Drugs and People

Drugs are a valuable commodity and have a positive or negative  effect in the lives of individuals, based on their use and perception about drugs. We live in a world were drugs are addicts living homeless and are placed in lower social standings because of their drug problems, while patients use drugs in the same breath but in a controlled environment. In courts drugs related cases are treated differently based on the population in consumption of the particular drug. People of lower economic social status use crack in higher numbers because it is cheaper and easier access, compared drugs people of middle and upper class use like cocaine. But are given less time imprison because of the effects of the social constructions surrounding these two drugs. The social construction that places people of color down are multifaceted, for it is on education, economy, medicine, and the judicial system. This not only creates data that is biased, it creates false imagery of a group of people that internalize those ideologies believing it’s how they are meant to behave.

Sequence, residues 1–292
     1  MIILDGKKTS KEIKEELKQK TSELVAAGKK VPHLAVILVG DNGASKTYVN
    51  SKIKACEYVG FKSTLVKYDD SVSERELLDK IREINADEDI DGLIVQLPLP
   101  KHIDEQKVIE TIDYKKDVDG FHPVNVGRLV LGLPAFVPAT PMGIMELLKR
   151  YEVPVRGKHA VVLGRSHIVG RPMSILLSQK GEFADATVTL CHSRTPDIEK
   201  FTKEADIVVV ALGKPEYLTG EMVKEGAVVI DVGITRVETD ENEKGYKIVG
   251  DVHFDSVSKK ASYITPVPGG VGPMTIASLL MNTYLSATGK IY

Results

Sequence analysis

The sentencing of people in courts are biased based on the completion of their skin not even based in race with is also a social construct. Scientist proved that we are all 99.99% identical disregarding our origins, the concept of race was created to place people in social groups of different standings because of the human obsession of categorization and control. This system always places people of color lower on the spectrum often with support from science and political powers that impact people on a daily basis that people fail to recognize. There were more than 1.5 million drug arrests in the U.S. in 2016. The vast majority – more than 80% – were for possession only. People of color experience discrimination at every stage of the judicial system and are more likely to be stopped, searched, arrested, convicted, harshly sentenced. Research shows that prosecutors are twice as likely to pursue a mandatory minimum sentence for black people as for white people charged with the same offense. Among people who received a mandatory minimum sentence in 2011, 38% were Latino and 31% were black, while they are the minorities in the population as a whole.